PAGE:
We require site users to register with Mondaq (and its affiliate sites) to view the free information on the site. We also collect information from our users at several different points on the websites: this is so that we can customise the sites according to individual usage, provide 'session-aware' functionality, and ensure that content is acquired and developed appropriately. This gives us an overall picture of our user profiles, which in turn shows to our Editorial Contributors the type of person they are reaching by posting articles on Mondaq (and its affiliate sites) – meaning more free content for registered users.

We are only able to provide the material on the Mondaq (and its affiliate sites) site free to site visitors because we can pass on information about the pages that users are viewing and the personal information users provide to us (e.g. email addresses) to reputable contributing firms such as law firms who author those pages. We do not sell or rent information to anyone else other than the authors of those pages, who may change from time to time. Should you wish us not to disclose your details to any of these parties, please tick the box above or tick the box marked "Opt out of Registration Information Disclosure" on the Your Profile page. We and our author organisations may only contact you via email or other means if you allow us to do so. Users can opt out of contact when they register on the site, or send an email to unsubscribe@mondaq.com with “no disclosure” in the subject heading

Mondaq News Alerts

In order to receive Mondaq News Alerts, users have to complete a separate registration form. This is a personalised service where users choose regions and topics of interest and we send it only to those users who have requested it. Users can stop receiving these Alerts by going to the Mondaq News Alerts page and deselecting all interest areas. In the same way users can amend their personal preferences to add or remove subject areas.

Cookies

A cookie is a small text file written to a user’s hard drive that contains an identifying user number. The cookies do not contain any personal information about users. We use the cookie so users do not have to log in every time they use the service and the cookie will automatically expire if you do not visit the Mondaq website (or its affiliate sites) for 12 months. We also use the cookie to personalise a user's experience of the site (for example to show information specific to a user's region). As the Mondaq sites are fully personalised and cookies are essential to its core technology the site will function unpredictably with browsers that do not support cookies - or where cookies are disabled (in these circumstances we advise you to attempt to locate the information you require elsewhere on the web). However if you are concerned about the presence of a Mondaq cookie on your machine you can also choose to expire the cookie immediately (remove it) by selecting the 'Log Off' menu option as the last thing you do when you use the site.

Some of our business partners may use cookies on our site (for example, advertisers). However, we have no access to or control over these cookies and we are not aware of any at present that do so.

Log Files

We use IP addresses to analyse trends, administer the site, track movement, and gather broad demographic information for aggregate use. IP addresses are not linked to personally identifiable information.

Links

This web site contains links to other sites. Please be aware that Mondaq (or its affiliate sites) are not responsible for the privacy practices of such other sites. We encourage our users to be aware when they leave our site and to read the privacy statements of these third party sites. This privacy statement applies solely to information collected by this Web site.

Surveys & Contests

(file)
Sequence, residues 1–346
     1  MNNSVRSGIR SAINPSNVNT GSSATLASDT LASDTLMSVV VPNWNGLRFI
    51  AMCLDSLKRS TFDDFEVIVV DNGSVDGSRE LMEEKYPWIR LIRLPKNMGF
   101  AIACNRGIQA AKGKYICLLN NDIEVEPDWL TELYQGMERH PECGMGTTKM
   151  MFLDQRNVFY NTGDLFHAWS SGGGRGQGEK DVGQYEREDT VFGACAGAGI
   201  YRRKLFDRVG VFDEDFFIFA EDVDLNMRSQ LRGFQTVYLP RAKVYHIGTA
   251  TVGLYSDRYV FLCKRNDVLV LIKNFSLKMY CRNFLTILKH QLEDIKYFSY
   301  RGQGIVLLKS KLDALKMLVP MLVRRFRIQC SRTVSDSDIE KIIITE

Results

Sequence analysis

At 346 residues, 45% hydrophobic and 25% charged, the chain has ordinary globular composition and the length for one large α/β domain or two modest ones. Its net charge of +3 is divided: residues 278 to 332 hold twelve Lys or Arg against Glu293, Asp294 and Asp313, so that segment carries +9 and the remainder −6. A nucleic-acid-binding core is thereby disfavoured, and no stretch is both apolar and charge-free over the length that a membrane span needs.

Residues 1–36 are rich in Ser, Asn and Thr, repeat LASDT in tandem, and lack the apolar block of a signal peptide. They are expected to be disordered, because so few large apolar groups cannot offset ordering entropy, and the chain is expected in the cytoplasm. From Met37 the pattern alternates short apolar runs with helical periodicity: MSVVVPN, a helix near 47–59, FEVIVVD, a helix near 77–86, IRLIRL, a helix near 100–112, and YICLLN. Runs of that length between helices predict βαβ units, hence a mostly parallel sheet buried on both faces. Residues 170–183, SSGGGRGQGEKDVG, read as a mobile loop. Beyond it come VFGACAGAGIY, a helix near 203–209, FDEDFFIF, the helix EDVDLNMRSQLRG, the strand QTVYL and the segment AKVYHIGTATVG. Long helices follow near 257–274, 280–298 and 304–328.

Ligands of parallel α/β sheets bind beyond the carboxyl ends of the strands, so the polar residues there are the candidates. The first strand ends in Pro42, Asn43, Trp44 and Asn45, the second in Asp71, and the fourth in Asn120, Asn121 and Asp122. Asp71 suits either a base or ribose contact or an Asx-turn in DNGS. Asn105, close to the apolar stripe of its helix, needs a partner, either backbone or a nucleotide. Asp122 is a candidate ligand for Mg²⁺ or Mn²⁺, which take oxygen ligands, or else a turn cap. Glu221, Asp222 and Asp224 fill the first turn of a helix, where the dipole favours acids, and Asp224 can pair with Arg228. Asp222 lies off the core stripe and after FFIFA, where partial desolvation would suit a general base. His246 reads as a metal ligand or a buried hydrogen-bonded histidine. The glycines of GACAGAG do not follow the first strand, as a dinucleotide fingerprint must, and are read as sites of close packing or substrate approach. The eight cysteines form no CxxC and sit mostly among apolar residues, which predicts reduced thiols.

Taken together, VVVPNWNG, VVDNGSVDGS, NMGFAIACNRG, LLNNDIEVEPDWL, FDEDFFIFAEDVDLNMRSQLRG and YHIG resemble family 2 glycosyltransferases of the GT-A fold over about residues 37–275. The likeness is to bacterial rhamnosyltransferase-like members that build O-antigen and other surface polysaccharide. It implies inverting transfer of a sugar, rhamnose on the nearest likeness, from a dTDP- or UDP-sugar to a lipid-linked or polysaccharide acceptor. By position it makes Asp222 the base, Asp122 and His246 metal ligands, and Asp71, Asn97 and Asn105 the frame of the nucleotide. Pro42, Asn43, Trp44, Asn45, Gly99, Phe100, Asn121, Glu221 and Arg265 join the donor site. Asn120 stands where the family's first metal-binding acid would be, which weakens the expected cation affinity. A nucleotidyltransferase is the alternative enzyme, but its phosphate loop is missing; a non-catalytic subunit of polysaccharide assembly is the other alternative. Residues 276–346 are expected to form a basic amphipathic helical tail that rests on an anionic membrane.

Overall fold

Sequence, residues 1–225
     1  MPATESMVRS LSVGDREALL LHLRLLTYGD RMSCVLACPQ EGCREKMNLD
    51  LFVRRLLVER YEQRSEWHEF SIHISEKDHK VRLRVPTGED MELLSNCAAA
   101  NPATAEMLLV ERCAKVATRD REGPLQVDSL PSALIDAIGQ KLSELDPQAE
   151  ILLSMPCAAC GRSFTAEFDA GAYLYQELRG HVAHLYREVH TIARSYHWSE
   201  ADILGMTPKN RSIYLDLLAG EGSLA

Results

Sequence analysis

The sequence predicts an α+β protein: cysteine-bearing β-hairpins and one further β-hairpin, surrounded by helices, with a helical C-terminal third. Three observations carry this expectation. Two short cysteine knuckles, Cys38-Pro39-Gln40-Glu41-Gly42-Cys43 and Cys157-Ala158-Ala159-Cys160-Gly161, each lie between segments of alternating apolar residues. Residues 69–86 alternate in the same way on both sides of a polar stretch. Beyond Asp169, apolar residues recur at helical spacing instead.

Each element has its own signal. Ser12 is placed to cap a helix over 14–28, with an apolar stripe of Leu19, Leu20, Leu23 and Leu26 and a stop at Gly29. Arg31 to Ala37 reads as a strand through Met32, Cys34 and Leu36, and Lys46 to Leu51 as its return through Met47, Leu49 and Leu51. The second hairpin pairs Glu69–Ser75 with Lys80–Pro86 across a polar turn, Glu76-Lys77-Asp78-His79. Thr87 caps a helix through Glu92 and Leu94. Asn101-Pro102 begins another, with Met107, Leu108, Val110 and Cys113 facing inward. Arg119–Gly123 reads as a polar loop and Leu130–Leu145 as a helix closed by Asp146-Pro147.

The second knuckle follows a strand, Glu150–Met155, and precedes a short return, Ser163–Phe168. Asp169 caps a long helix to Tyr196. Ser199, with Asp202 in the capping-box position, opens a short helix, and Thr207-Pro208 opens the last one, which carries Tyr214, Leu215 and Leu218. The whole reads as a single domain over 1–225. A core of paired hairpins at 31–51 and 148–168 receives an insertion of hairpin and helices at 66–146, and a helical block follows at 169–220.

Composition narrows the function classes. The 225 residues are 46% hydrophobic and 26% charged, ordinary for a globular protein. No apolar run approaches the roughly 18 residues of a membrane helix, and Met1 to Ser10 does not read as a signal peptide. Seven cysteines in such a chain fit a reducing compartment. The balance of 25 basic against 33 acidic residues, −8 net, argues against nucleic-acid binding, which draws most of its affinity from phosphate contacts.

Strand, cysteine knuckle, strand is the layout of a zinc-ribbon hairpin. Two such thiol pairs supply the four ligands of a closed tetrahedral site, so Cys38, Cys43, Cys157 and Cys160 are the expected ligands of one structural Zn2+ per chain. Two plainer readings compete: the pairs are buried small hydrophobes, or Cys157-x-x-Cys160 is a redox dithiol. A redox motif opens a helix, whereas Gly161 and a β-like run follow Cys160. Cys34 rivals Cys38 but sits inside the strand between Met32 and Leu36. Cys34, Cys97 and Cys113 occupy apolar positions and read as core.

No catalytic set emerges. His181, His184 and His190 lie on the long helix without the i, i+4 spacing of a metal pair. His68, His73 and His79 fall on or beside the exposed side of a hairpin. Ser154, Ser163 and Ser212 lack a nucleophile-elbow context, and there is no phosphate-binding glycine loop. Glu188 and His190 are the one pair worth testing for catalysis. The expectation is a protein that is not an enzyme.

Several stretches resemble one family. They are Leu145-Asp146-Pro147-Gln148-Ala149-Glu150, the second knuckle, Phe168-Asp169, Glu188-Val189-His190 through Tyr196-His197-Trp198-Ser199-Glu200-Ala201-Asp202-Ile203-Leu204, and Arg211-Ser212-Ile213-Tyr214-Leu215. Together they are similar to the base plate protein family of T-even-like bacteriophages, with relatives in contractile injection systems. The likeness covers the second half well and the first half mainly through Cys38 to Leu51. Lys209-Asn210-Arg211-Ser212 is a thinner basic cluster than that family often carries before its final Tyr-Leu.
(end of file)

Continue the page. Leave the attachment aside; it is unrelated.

From time-to-time our site requests information from users via surveys or contests. Participation in these surveys or contests is completely voluntary and the user therefore has a choice whether or not to disclose any information requested. Information requested may include contact information (such as name and delivery address), and demographic information (such as postcode, age level). Contact information will be used to notify the winners and award prizes. Survey information will be used for purposes of monitoring or improving the functionality of the site.

Mail-A-Friend

If a user elects to use our referral service for informing a friend about our site, we ask them for the friend’s name and email address. Mondaq stores this information and may contact the friend to invite them to register with Mondaq, but they will not be contacted more than once. The friend may contact Mondaq to request the removal of this information from our database.

Security

This website takes every reasonable precaution to protect our users’ information. When users submit sensitive information via the website, your information is protected using firewalls and other security technology. If you have any questions about the security at our website, you can send an email to webmaster@mondaq.com.

Correcting/Updating Personal Information

If a user’s personally identifiable information changes (such as postcode), or if a user no longer desires our service, we will endeavour to provide a way to correct, update or remove that user’s personal data provided to us. This can usually be done at the “Your Profile” page or by sending an email to EditorialAdvisor@mondaq.com.

Notification of Changes

If we decide to change our Terms & Conditions or Privacy Policy, we will post those changes on our site so our users are always aware of what information we collect, how we use it, and under what circumstances, if any, we disclose it. If at any point we decide to use personally identifiable information in a manner different from that stated at the time it was collected, we will notify users by way of an email. Users will have a choice as to whether or not we use their information in this different manner. We will use information in accordance with the privacy policy under which the information was collected.

How to contact Mondaq

You can contact us with comments or queries at enquiries@mondaq.com.

If for some reason you believe Mondaq Ltd. has not adhered to these principles, please notify us by e-mail at problems@mondaq.com and we will use commercially reasonable efforts to determine and correct the problem promptly.